Vancouver Avian Research Centre

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Species: Calliope Hummingbird Stellula calliope


The smallest of all breeding birds in the United States and Canada. An Adult male Calliope weighs less than a penny. The species name is Greek for ‘beautiful voice’ and may refer to the muse of epic poetry; a seemingly inappropriate name for a bird of limited vocal ability. The male gorget of wine red streaks over a white background is unique, one reason this species is traditionally placed in its own genus.


A very small hummingbird with a short black bill and very short tail with unique spade-shaped central feathers that widen significantly from a narrow base before tapering abruptly to a point (best developed in adults). Wingtip broad, blunt and curved.

Adult Male: Bright green above, creamy white below with green wash on sides and flanks. Gorget consists of wine red to reddish purple iridescence over white background; individual feathers white basally, ranging in shape from round or broadly oval and nearly flat at centre of gorget to very long, narrow, pointed, and convex at corners. Face is dull grayish, with slightly darker cheek, whitish mustachial stripe beginning at base of upper mandible. Wingtips extend to or beyond tip of very short, slightly notched tail. Tail feathers dull gray variably edged in cinnamon-rufous basally; R1 narrow at base, becoming wider towards tip before abruptly tapering to a spade-shaped point.

Adult Female: Bright grass green to golden green above, creamy white below washed with cinnamon-rufous on sides, flanks , and across lower breast. Gorget usually evenly stippled to spangled with dusky to brownish bronze, rarely with a few larger spangles at lower centre reflecting dull wine red. Face dull grayish with slightly darker cheek. Slightly notched tail usually falls short of wingtips. Central tail feathers green with or without narrow rufous edges at base; R3-5 (rarely R2-5) tipped white, usually with narrow edges of cinnamon-rufous basally. Undertail coverts washed pale cinnamon, paler at tips. Outer primary (P10) broad, blunt-tipped.

Juvenile: Male: Similar to adult female but usually with more heavily marked gorget, often with random spots, streaks, or patches of wine red iridescence. R1 always narrowly edged in dull cinnamon-rufous at base (difficult to see).

Female: Similar to adult female but with indistinct pale feather edges on upperparts. R1 green with blackish tip, no rufous edges at base; large white tip on R3, usually small white tip on R2.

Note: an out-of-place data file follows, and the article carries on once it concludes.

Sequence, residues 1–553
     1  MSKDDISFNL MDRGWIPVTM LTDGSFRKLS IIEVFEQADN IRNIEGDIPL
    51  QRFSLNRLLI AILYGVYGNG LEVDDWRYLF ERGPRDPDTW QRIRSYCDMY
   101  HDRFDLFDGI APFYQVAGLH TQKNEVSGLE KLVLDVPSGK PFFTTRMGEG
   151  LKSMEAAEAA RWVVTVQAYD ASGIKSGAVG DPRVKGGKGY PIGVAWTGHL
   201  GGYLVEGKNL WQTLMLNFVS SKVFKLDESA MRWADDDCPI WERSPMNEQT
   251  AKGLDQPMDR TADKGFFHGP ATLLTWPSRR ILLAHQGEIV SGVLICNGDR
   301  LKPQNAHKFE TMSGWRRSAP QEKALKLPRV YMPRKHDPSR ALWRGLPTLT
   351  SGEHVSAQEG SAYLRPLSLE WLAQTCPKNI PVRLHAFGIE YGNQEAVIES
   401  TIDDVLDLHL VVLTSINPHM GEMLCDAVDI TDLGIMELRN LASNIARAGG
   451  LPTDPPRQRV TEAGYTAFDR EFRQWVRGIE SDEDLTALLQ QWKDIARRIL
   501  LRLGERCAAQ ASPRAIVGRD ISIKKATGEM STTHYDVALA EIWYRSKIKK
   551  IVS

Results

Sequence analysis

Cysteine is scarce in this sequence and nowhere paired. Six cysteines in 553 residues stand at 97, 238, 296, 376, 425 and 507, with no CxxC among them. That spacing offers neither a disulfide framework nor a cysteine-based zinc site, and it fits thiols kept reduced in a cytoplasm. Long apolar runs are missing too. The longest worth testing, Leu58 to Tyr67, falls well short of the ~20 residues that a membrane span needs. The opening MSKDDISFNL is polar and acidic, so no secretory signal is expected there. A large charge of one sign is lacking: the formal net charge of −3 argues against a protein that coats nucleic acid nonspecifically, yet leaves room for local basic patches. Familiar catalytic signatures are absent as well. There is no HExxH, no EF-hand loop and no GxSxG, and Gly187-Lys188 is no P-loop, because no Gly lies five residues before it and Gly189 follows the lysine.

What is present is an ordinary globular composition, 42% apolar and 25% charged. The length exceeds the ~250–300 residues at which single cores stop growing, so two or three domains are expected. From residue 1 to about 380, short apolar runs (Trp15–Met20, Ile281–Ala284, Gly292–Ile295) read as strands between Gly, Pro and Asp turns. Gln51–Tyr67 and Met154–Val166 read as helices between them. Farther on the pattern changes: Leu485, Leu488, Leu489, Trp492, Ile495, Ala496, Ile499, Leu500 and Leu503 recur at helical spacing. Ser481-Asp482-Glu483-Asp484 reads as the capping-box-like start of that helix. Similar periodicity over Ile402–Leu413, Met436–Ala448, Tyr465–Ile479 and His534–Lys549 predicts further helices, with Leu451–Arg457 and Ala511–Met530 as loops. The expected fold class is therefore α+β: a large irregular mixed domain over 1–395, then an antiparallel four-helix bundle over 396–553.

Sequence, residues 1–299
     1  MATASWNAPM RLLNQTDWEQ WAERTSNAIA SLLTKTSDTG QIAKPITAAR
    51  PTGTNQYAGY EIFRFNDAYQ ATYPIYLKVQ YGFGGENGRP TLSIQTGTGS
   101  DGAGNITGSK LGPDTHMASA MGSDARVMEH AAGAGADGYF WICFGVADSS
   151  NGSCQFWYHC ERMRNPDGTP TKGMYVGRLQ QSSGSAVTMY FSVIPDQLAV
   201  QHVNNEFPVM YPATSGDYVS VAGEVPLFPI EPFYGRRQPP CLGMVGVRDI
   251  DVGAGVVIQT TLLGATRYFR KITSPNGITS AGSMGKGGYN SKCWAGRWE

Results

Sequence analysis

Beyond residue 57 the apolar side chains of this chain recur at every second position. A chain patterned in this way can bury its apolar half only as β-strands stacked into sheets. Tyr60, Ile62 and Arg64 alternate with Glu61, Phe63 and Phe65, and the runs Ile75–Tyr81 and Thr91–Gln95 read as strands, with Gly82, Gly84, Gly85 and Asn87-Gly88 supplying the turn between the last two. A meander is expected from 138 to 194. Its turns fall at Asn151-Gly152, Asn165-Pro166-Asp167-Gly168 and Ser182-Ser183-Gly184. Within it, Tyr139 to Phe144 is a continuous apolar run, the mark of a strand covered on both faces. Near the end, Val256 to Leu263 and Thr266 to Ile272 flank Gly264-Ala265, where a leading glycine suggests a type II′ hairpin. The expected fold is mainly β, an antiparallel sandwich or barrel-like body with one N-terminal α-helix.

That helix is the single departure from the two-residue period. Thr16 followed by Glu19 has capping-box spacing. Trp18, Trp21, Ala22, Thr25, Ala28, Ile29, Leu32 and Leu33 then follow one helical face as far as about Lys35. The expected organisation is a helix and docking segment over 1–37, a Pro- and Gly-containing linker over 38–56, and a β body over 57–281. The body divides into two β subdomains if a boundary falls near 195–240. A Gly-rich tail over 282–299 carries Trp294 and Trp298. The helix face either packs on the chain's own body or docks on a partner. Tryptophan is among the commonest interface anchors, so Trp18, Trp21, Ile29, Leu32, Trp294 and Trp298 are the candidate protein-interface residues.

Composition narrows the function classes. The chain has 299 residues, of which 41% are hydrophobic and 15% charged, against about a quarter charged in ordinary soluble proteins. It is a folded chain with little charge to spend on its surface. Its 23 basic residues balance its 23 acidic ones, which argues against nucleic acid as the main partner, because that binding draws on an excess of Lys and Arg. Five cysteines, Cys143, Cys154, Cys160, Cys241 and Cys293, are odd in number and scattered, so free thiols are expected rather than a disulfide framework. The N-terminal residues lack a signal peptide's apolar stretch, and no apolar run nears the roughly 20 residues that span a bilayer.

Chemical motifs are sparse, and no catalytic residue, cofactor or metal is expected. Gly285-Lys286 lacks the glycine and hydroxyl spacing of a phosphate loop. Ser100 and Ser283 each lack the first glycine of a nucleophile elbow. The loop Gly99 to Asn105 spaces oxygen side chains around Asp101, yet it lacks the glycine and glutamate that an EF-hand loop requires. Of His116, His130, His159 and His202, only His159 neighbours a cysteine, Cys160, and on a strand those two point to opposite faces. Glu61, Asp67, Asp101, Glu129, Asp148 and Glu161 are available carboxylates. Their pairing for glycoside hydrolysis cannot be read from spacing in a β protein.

Similar Species: Rufous and Allen’s Hummingbirds are slightly larger, with longer bill and tail, richer rufous wash to underparts, more rufous in outer tail feathers, and narrower, straighter primaries. Female and immature male Broad-tailed Hummingbirds are much larger, with longer bill and tail, more rufous in outer tail feathers, and narrower, straighter primaries.

Behavior: Tail is often cocked upward, perpendicular to body, while hovering at flowers or feeders. Takes nectar from a wide variety of plants, including red currant, Indian paintbrush, orange honeysuckle, western columbine, skyrocket, and Rocky Mountain beeplant. Often takes nectar from flowers within inches of the ground. Takes insect prey mostly by fly-catching from an exposed perch. Feeds regularly at sapsucker wells. Males most assertive on breeding grounds. Displays are more often directed at females than rival males, which are usually chased. Dive display is U or J shaped, punctuated at bottom of arc with pzzt-zing.

Habitat: Breeds in montane conifer forests, in willows along streams, aspen thickets and older second growth following fires or clear cutting. Breeds at 4000-1000 feet, rarely as low as 500 feet. Winters from low-elevation thorn forest to humid pine forest in southwestern Mexico. Migrates through both montane and lowland habitats.


In absence of natural fires, sunny openings in forest canopy left by small-scale clear-cutting may be of benefit in stimulating growth of nectar plants and shrub habitat for nesting. Survival of migrants may be enhanced by feeders when natural nectar is scarce. Has reached at least six years of age in the wild and twelve years in captivity.
The Calliope Hummingbird is the sole member of its genus.

Conservation Status: Least concern but more data is needed.

References: Williamson, Sheri L. Peterson Field Guides – Hummingbirds of North America. New York: Houghton Mifflin, 2001.

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